The recommended interaction pattern for components like the modal or popover is to trap focus within the component's modal element when it becomes visible.

For keyboard-only users who use the tab key to navigate the interface, trapped focus means that focus cannot be shifted outside of the modal when using the tab key. Instead, when focus leaves the last focusable item, it should move to the first focusable item of the modal.

For screen reader users, the other contents on the page should be hidden from the screen reader.

Based on the screen reader / browser combinations we use for testing, we recommend applying aria-hidden="true" to the parent wrapping element of the page contents. The modal element of the component must not be a descendent of this element, and should be included as a sibling to this element.

Scrollable elements

Any elements with horizontal or vertical scroll need to be accessible via keyboard.

Parent elements should be able to capture browser focus and be scrolled using the arrow keys. Some browsers will automatically make scrollable elements focusable to ensure keyboard accessibility, as long as they have a non-negative tabindex. It may be necessary to ensure that every container with overflow content which can grow larger than its parent's height to have tabindex=0.

When tabIndex is added, you should either add role='region' and an aria-label that describes the scrollable element, or an aria-labelledby to a descriptive and accessibly named heading.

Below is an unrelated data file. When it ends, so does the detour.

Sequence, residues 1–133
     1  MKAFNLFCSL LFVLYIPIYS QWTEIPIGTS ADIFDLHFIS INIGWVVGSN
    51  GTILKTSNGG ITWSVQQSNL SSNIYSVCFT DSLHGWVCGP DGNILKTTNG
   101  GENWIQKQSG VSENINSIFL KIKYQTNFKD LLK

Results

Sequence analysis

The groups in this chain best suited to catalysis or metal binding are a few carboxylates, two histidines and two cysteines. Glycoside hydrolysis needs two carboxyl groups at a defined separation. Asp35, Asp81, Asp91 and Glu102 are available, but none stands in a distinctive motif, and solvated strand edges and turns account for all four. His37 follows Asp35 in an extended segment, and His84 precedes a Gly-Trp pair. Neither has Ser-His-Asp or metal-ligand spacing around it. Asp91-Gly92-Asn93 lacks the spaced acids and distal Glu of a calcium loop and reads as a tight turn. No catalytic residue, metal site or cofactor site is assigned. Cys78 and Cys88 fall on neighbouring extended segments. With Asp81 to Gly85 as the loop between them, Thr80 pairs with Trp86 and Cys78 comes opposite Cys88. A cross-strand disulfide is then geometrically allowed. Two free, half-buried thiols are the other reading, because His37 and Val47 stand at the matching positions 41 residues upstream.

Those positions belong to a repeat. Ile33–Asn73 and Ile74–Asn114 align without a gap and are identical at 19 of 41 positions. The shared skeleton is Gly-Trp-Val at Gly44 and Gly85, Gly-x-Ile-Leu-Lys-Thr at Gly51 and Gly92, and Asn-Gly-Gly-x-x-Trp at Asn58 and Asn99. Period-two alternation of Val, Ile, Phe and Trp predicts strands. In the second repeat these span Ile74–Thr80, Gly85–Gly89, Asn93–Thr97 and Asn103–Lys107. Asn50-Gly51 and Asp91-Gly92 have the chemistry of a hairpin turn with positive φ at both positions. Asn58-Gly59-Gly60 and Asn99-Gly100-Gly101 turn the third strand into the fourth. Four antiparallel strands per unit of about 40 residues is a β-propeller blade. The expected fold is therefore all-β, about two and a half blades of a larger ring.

Some screen reader users navigate page elements via an element list or rotor menu, and the default label for these scrollable elements will be driven by whatever text content exists inside the container. This generated label may not be suitable to describe the region's purpose, and would likely be better described with a simple aria-label.

For example:

<div role="region" style="height: 200px; overflow-y: auto" tabindex="0" aria-label="Scrollable content">
    <div style="height: 2000px">

Screen reader considerations

Just as front-end developers use their browser to see how their changes look, you should use a screen reader to see how your accessibility looks. You can use a screen reader that is available in your operating system, like VoiceOver for Mac, or you could download an open-source screen reader like NVDA if you have a PC.

To test PatternFly, we target the following screen readers:

Generally, screen readers access the Document Object Model (DOM) and use browser Application Programming Interfaces (APIs) to get the information they need. In this way, a screen reader knows what to say when a set of list items begins and ends, and can typically announce how many items are in the list in advance. A screen reader can also traverse a page using heading navigation to speak the heading level.

There are a few aspects that can affect how screen readers communicate information, which you should consider when building and testing your product: